A star pendant necklace bought in 1984 has been tucked away for 30 years since its purchase.
The necklace was a gift to Sue Roberts from her husband, Eric Roberts II, as a thank you for her efforts toward getting the Distinguished Flying Cross awarded to him and Ronald Brodeur’s upgraded to a Silver Star. Unfortunately at the time, the request was denied, and Sue vowed to never wear the necklace until her husband and Brodeur received stars of their own.
The two gentlemen were awarded the Silver Star by Air Force Chief of Staff Gen. Mark A. Welsh III during a ceremony at the Pentagon Dec. 17.
“Since the U.S. Air Force became an independent service in 1947 we’ve presented 285 Silver Stars,” Welsh said. “That’s not a whole lot when you think of all the combat sorties and contingencies we’ve participated in. One hundred and five of those were given from the Vietnam conflict — soon to be 107. This is a very select group of warriors for a reason. It’s presented for gallantry in action against enemies of the United States.”
Roberts and Brodeur were awarded the Silver Star for their gallantry in connection with military operations against an armed enemy of the U.S. in Duc Lap, Republic of Vietnam, on Feb. 20, 1969. At the time, then-SSgt. Brodeur and Sgt. Roberts were assigned to the 20th Special Operations Squadron as UH-1P helicopter gunners. Affectionately known as the “Green Hornets” the unit was responsible for supporting special operations in South Vietnam.
On that day, their crew was called upon to rescue a six-man Army long-range reconnaissance patrol. With a river on one side, enemy fire coming from every other direction, and the field they were hiding in ablaze, the patrol was in extreme danger of being overrun. Still, the Green Hornets were able to locate the patrol. With their harnesses secured to the aircraft and their weapons in hand, the sergeants climbed out of the helicopter and onto its skids to direct the pilot and copilot into a 10-foot hover, while using M-60 machine guns to suppress enemy fire.
A rope ladder was dropped to the patrol team below, and upon their ascent there was an explosion — one of the soldiers had triggered a mine on the ground. The explosion blew Brodeur off the right skid, and he dangled from the aircraft in his harness.
“After I recovered and I got back on my skid and near my gun, I glanced back and there was nobody in the doorway — my heart stopped,” Brodeur said. “And then I saw this guy scooting back up on the skid to get back to his gun.”
On the left side, the explosion had caused the co-pilot’s door to blow open and Roberts was thrown inside the helicopter. Determined, Roberts had unhooked his harness, climbed out of the helicopter, and inched his way up the left skid to secure the co-pilot’s door, protecting him from enemy fire.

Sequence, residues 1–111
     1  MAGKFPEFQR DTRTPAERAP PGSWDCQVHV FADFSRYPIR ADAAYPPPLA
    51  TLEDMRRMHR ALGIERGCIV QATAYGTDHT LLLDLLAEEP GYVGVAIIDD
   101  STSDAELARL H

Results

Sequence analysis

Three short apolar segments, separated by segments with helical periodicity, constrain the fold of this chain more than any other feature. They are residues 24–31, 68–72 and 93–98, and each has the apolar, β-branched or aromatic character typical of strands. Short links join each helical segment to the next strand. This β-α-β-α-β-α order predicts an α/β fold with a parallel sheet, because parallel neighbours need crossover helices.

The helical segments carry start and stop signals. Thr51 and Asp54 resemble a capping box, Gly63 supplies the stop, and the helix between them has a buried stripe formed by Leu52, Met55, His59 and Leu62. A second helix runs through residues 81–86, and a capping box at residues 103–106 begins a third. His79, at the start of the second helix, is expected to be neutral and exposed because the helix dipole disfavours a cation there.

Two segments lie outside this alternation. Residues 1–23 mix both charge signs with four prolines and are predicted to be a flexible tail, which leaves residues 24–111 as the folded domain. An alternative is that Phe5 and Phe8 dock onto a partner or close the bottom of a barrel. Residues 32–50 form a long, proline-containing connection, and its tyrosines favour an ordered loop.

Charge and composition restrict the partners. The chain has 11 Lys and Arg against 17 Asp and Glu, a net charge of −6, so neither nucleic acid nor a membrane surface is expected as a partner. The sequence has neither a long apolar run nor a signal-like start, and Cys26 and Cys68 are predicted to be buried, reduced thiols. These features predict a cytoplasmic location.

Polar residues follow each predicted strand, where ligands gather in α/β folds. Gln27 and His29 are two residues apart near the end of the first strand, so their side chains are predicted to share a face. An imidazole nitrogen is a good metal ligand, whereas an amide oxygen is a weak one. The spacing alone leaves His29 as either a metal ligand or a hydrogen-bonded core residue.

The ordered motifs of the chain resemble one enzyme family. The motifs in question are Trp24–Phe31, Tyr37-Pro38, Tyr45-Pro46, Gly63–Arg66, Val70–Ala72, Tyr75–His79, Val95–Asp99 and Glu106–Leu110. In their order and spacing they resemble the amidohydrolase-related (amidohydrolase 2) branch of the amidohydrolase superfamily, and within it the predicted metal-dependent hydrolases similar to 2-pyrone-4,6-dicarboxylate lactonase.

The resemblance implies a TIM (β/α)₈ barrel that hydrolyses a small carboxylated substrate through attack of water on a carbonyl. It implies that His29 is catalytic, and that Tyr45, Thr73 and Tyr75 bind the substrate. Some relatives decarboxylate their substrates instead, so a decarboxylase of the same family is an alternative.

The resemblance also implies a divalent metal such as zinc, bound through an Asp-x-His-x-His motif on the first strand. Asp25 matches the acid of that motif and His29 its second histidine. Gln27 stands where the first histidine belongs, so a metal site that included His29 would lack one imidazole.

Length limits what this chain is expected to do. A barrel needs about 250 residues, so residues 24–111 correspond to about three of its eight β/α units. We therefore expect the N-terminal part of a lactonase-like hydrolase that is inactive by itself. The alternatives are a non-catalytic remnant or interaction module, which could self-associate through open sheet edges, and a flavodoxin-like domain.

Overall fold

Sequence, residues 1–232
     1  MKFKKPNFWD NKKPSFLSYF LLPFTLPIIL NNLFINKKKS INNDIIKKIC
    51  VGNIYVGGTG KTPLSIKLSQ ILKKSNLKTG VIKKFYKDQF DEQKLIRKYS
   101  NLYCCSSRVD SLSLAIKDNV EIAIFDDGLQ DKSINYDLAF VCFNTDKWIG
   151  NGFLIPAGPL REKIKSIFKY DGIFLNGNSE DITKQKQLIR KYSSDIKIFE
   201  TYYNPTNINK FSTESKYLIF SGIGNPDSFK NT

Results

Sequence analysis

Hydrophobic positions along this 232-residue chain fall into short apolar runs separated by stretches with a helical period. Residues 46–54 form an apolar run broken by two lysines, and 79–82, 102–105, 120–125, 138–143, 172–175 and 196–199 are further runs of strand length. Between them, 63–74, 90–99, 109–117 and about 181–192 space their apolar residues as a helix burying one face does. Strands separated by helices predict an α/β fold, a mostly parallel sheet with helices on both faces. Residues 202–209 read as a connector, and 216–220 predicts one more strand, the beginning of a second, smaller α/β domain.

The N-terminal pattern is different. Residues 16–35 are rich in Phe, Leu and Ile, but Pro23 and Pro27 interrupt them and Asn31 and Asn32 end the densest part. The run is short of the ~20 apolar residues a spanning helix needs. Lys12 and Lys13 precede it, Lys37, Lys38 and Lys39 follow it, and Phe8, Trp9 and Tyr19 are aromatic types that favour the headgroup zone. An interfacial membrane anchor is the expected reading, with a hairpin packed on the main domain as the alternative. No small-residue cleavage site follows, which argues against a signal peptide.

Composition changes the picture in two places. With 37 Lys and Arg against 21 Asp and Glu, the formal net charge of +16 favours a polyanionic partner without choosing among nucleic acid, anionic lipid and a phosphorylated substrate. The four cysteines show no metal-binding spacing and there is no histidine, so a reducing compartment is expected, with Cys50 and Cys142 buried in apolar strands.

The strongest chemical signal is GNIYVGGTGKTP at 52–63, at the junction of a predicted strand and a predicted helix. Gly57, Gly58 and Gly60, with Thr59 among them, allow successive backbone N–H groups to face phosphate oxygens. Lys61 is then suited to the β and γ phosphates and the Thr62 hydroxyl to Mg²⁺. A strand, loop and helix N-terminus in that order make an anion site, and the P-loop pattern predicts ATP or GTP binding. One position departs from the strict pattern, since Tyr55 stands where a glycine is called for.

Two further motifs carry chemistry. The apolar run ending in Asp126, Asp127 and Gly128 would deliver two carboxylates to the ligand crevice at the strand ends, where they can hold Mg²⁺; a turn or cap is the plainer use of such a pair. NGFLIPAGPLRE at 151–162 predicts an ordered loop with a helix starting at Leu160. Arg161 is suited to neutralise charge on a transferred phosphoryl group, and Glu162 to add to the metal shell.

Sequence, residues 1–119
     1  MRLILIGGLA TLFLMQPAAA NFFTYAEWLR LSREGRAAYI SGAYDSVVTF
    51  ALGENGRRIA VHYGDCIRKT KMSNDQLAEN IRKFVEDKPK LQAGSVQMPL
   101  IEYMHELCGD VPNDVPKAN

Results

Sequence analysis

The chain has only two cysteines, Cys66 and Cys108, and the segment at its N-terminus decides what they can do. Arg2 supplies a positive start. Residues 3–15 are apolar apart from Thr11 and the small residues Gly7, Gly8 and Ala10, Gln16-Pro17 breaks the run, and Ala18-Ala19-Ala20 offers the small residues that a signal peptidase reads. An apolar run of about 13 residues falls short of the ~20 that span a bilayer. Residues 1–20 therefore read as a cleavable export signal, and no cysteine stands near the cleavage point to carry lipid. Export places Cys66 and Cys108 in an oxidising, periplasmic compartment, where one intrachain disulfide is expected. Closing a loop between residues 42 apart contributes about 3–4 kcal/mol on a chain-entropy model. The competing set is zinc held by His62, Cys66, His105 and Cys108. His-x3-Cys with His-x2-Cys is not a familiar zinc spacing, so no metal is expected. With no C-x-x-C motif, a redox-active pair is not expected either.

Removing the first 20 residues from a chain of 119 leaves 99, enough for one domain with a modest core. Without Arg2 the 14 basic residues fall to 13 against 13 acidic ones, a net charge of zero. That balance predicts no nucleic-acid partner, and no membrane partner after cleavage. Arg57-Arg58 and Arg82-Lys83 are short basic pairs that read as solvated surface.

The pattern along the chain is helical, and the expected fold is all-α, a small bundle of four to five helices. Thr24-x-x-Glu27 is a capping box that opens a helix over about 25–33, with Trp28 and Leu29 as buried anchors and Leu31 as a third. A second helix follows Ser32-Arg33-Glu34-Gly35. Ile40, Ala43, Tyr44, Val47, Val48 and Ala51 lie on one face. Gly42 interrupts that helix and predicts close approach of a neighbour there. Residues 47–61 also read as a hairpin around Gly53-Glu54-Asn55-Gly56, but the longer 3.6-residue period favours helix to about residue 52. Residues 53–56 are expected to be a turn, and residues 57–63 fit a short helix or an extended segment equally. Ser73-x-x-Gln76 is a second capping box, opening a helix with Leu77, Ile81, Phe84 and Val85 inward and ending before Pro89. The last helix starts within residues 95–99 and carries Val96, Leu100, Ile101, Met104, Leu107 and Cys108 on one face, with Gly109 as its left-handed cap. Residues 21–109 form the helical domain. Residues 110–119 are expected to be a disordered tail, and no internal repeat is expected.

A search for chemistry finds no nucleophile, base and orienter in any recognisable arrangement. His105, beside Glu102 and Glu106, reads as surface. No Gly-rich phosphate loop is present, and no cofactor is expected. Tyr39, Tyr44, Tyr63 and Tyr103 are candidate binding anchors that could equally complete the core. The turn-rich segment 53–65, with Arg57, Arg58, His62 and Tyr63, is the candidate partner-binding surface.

“He got back up, hooked his gunner belt back in, got behind the gun and started covering fire for the team to get near the ladder and back up the airplane,” Brodeur said. “But it was a scary moment when I didn’t see anyone in that door.”
Thanks to their actions, the entire team was rescued and evacuated with no loss of life. For their actions, the pilot and co-pilot on this mission received the Silver Star; however, the nomination packages for Roberts and Brodeur were lost — initially they didn’t receive an award at all. With Sue’s persistence, they received decorations in 1984 — the Distinguished Flying Cross. The classification of the mission didn’t allow for a full picture of the courageous actions of the enlisted men.
Brodeur, Roberts and their spouses felt that since the crew worked together as a team, they should have received the same award.
“The first iteration of this award wasn’t actually presented until 1984 as the Distinguished Flying Cross to these two gentlemen,” Welsh said. “It was presented then only because Sue Roberts, starting in 1971, pursued it. The awards recommendations for these two guys in the back of the helicopter were separated from the pilot and co-pilot’s awards and decorations recommendations and just never reached completion until Sue got involved. Thirteen years later, they were awarded the Distinguished Flying Cross.
“This is a phenomenal story,” Welsh continued. “They’re looking back on this thinking this is pretty routine, this is just what the squadron did — it’s what our job was, what we’re expected to do, what teammates did all the time. But according to the laws of this nation and the standards of our service, that was gallantry in action. It’s incredibly appropriate, finally, that we have the chance to say ‘thank you for what you did, for who you are for the example you set.’ And Sue, thank you for the opportunity to recognize what should have been recognized long ago.”
Now, three decades later, three star pendants are worn for the first time — two for gallantly serving the country, and one as a symbol of dedication to the one she loves.